Coding can be challenging, particularly for beginners. New programmers often benefit from starting with an easier programming language.
Programming languages tell computers how to do specific tasks. Complex programming languages with dense syntax and complicated functions can challenge even experienced coders. Programming pros who want to learn a new language may prefer an easier option.
Our list introduces the easiest programming languages to learn, including each programming language’s uses and roles that use them.
Roles that use it: Front-end developers, CSS developers, full-stack developers, mobile app developers, bloggers, website editors
Why it’s easy to learn:
CSS styles websites, so it’s simpler than many programming languages.
Learners can pick up the fundamentals in a matter of weeks.
By mastering style types and properties, learners can use CSS to build websites.
CSS, or cascading style sheets, determines the look of a website. While HTML provides website content, CSS determines how it displays, including colors, fonts, and layouts. Every website uses CSS.
As a rule-based language, CSS makes it easy to learn foundational skills like changing colors or font size. Many learners teach themselves CSS through online tutorials, books, or other self-teaching resources. Web development bootcamps and online college classes also teach CSS.
Roles that use it: Systems engineers, Go developers, Google cloud developers, software engineers, data scientists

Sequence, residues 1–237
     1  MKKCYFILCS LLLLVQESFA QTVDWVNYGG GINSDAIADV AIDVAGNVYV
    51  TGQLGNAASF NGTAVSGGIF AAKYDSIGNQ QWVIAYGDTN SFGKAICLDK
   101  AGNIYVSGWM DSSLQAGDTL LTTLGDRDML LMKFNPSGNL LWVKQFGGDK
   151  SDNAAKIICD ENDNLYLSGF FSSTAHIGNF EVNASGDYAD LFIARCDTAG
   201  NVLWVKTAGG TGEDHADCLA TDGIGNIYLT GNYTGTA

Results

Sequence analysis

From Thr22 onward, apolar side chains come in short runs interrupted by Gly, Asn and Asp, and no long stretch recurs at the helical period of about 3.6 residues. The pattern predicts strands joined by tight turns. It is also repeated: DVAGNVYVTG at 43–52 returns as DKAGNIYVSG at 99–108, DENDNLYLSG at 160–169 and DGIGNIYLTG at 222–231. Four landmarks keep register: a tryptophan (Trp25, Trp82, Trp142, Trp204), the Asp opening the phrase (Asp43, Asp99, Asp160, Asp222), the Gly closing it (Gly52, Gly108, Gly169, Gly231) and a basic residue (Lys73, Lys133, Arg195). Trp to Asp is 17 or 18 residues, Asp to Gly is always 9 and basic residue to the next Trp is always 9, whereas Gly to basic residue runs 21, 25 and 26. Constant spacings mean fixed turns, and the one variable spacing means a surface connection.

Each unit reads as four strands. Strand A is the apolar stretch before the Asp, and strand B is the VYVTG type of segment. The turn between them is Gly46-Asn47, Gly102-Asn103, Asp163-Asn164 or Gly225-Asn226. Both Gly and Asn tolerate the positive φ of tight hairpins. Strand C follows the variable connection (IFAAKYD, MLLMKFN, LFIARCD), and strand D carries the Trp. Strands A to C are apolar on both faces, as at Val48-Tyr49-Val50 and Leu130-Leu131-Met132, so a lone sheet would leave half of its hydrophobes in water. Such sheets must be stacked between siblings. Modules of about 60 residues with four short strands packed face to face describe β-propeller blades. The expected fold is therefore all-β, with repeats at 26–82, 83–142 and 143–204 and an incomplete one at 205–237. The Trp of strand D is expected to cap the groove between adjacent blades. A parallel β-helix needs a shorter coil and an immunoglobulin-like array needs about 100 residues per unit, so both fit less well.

Why it’s easy to learn:
Go has less syntax than many other programming languages.
Users can typically master the syntax and avoid looking up rules while coding.
Programmers who know other languages, especially C languages, can pick up Go quickly.
A programming language developed by Google, Go can be used for infrastructure, cloud applications, and other server-side uses. A simpler language than C++, Go provides simple, readable code for all kinds of uses, including in data science, robotics, and artificial intelligence.
Go, sometimes called Golang, prioritizes speed. The language makes automation and system programming simpler. It’s also an open-source language. Learners can pick up Go through self-taught tutorials or through a bootcamp.
Roles that use it: Front-end developers, full-stack developers, web developers, email developers, bloggers, website editors, mobile app developers